Laurent Martray’s vineyards are located on Chateau de la Chaize– he is one of the vignerons for the estate, and also creates wine under his own name from the same vines. The site boasts a chateau built between 1674 and 1676 by François de la Chaize d’Aix, the brother of Father La Chaize, the official confessor of Louis XIV. The estate is located in Odenas, 45 kilometresnorthwest of Lyon. This is a famous area, on a huge estate in the south of Burgundy, with 99 hectares of vineyards.


Tuesday, October 16, 2018

Samuel Billaud in Burghound

Allen Meadows of Burghound has released his barrel scores for 2017 Chablis. Among the producers profiled is Samuel Billaud who described his 2015 vintage thusly: "I would describe them as strongly resembling 2015 but with more evident minerality. The style of the 2017s contrasts markedly with
that of the 2016s as the latter is somewhat exotic with what I would describe as a cold minerality."

Part of an esteemed Chablis family, Samuel Billaud struck out on his own in 2009 to found his eponymous domaine. He had previously been the winemaker at Domaine Billaud-Simon, which had been a shining light in the old school Chablis clubhouse of quality. Since the creation of his own label, Samuel has met with great success and moved into a new winery space in 2015 as well as purchasing four hectares of vines that had previously belonged to Domaine Billaud-Simon. The resulting range, from AC to Grand Cru, are layered wines rife with crunchy oyster shell and silex, and exhibit a range of flavor profiles from licorice to white peach to toasty baguette. This is top quality Chablis from a rising star producer – for white Burgundy lovers, these are not to be missed.

Friday, October 12, 2018

Max Ferd. Richter in Mosel Fine Wines

Mosel Fine Wines has released their first batch of scores for the 2017 vintage and the wines from Max Ferd. Richter are getting great press.
"This is yet another stunning collection of wines crafted by young Constantin Richter. While all single-vineyard wines (and especially those made in a fruity style) are highly recommended, we have to underline the extremely high quality of the Estate’s “basic” wines. Unfortunately these are only available in tiny quantities, but no stone should be left unturned in trying to get some of these great QPR champions... All in all there is much to love in the 2017 Richter wines!" (Jean Fisch & David Rayer)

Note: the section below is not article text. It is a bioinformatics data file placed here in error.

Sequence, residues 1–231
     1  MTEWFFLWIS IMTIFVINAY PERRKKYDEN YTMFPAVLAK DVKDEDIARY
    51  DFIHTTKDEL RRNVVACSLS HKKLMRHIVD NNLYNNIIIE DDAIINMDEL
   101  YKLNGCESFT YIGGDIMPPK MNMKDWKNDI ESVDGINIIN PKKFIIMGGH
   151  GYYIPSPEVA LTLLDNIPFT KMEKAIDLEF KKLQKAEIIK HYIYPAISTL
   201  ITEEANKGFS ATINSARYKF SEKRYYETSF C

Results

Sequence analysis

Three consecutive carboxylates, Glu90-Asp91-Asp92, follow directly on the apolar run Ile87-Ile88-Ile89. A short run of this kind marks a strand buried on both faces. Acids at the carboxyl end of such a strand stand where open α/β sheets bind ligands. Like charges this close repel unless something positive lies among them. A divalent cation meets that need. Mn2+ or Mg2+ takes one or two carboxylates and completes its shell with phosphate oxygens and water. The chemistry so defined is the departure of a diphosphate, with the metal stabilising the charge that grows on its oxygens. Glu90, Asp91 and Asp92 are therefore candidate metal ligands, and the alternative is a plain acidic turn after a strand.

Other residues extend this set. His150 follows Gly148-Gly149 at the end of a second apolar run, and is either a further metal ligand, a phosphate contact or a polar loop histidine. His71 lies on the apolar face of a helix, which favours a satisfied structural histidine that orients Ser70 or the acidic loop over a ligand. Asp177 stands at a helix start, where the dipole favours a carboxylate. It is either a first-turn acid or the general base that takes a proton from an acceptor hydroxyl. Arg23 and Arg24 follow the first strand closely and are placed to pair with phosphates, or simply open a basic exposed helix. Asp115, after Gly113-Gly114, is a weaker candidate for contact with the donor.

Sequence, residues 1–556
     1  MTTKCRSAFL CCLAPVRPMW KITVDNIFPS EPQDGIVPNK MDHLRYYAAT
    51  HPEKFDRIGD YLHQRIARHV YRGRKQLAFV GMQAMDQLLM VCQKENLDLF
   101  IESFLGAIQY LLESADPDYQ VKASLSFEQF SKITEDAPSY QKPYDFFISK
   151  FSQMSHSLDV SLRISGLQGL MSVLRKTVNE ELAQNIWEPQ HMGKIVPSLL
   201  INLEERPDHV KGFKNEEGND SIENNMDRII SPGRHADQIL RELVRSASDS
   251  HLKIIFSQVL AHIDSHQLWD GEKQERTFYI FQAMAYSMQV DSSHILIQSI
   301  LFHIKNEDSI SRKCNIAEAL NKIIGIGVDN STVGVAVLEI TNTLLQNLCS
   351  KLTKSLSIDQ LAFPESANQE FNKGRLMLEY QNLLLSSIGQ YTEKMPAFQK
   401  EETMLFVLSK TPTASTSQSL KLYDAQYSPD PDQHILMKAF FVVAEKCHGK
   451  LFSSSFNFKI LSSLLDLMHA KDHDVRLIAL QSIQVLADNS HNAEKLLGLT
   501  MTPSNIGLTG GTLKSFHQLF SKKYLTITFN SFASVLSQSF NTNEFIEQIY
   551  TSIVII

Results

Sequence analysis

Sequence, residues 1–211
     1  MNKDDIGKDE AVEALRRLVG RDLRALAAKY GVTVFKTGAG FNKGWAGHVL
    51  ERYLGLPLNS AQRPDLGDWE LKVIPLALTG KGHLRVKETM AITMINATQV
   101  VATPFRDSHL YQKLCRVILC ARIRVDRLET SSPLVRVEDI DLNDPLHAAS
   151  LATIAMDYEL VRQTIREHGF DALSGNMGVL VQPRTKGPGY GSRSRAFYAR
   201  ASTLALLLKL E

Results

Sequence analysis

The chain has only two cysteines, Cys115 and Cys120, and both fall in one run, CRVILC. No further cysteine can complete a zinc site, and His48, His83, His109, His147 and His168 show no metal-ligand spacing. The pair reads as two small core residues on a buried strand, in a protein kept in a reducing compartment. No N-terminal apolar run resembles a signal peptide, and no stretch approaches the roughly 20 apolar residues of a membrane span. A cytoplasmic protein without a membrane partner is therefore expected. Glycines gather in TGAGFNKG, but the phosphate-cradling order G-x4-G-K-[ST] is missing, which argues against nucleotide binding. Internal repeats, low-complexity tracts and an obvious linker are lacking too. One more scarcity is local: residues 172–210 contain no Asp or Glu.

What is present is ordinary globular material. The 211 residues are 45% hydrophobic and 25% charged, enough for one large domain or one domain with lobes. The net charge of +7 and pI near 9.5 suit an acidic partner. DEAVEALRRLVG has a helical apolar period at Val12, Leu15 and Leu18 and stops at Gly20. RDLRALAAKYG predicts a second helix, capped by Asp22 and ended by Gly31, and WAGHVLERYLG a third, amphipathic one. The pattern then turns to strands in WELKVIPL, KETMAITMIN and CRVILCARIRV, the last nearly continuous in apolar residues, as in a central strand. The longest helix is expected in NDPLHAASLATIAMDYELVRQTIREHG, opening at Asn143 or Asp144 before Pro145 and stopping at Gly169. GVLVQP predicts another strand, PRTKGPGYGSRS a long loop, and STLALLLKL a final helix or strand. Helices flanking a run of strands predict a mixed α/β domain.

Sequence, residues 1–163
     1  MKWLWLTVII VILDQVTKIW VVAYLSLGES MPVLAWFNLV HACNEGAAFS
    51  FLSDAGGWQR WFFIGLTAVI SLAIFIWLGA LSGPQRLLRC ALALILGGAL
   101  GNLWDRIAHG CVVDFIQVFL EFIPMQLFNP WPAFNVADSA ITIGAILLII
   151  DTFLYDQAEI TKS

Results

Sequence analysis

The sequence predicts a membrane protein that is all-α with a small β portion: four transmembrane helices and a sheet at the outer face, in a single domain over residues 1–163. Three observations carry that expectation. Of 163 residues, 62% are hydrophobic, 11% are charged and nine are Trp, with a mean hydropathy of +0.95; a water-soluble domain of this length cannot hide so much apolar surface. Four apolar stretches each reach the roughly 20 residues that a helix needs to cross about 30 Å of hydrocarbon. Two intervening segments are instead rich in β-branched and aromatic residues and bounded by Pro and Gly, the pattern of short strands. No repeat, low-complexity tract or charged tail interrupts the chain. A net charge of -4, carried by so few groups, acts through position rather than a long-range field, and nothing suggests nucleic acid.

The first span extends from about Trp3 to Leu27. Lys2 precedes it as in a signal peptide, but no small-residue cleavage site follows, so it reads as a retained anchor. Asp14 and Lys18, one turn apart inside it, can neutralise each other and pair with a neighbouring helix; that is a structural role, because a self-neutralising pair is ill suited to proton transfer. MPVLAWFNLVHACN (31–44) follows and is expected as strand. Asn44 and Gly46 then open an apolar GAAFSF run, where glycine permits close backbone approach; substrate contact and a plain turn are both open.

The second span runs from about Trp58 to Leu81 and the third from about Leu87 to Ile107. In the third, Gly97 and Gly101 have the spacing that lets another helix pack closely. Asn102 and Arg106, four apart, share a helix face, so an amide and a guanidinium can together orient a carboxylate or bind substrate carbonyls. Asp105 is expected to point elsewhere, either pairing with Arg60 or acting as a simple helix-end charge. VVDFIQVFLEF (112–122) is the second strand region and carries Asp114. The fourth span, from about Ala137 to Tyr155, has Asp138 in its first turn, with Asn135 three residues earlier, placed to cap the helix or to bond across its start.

The estate of Max Ferd. Richter has been passed down from father to son for the past 300 years. The current reins are held by Dr. Dirk Richter, the 9th generation, and will eventually be passed down to his son Constantin. The estate produces world-class Rieslings from some of the most esteemed vineyards in the Mosel, and all production comes from estate holdings. The terroir of their steep vineyard sites is generally grey slate with different compositions of ferruginous (Brauneberg), mineral quartz (Veldenz) or clay (Graach, Wehlen, Mülheim) soils; those deeply influence character and flavor  of the wines. Strict attention to quality and detail is paid to all vines from the QBAs on up through the Eisweins. Through the entire line of wines, their hallmark balance is evident in every glass.

Thursday, October 11, 2018

Recipe Thursday: Meat Lover's White Wine

Die-hard white wine drinkers can be at a loss when it comes to pairing white wine with dishes on the heavier or more acidic side. Leave it to Italy, the land of tomato-based sauces and rich pastas, to offer the perfect solution.

Photo: Rachael Ray

What white should you pair with a meaty, tomato based pasta such as Rachael Ray’s Double-Meat White Ragu? Try Tenuta Scuotto’s Fiano di Avellino, a smoky, nutty and spicy white wine from Italy with just the right amount of weight on the palate to match the pasta, while also providing nice crispness and minerality to cut through the fat of the meat in the sauce.